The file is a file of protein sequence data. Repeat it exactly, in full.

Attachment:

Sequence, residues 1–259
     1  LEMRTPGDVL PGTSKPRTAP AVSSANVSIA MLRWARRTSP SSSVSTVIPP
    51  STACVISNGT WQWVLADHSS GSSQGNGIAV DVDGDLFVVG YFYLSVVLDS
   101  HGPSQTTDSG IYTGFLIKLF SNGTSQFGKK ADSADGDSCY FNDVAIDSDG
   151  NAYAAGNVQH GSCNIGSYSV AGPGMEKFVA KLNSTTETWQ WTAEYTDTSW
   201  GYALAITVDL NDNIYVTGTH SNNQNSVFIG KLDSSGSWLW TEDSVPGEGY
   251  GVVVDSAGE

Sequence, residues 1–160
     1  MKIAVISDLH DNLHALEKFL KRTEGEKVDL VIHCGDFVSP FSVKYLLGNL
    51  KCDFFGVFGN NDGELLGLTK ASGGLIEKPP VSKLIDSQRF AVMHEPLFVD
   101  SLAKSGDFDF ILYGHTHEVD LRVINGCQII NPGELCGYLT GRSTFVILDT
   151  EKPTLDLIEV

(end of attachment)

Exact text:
Sequence, residues 1–259
     1  LEMRTPGDVL PGTSKPRTAP AVSSANVSIA MLRWARRTSP SSSVSTVIPP
    51  STACVISNGT WQWVLADHSS GSSQGNGIAV DVDGDLFVVG YFYLSVVLDS
   101  HGPSQTTDSG IYTGFLIKLF SNGTSQFGKK ADSADGDSCY FNDVAIDSDG
   151  NAYAAGNVQH GSCNIGSYSV AGPGMEKFVA KLNSTTETWQ WTAEYTDTSW
   201  GYALAITVDL NDNIYVTGTH SNNQNSVFIG KLDSSGSWLW TEDSVPGEGY
   251  GVVVDSAGE

Sequence, residues 1–160
     1  MKIAVISDLH DNLHALEKFL KRTEGEKVDL VIHCGDFVSP FSVKYLLGNL
    51  KCDFFGVFGN NDGELLGLTK ASGGLIEKPP VSKLIDSQRF AVMHEPLFVD
   101  SLAKSGDFDF ILYGHTHEVD LRVINGCQII NPGELCGYLT GRSTFVILDT
   151  EKPTLDLIEV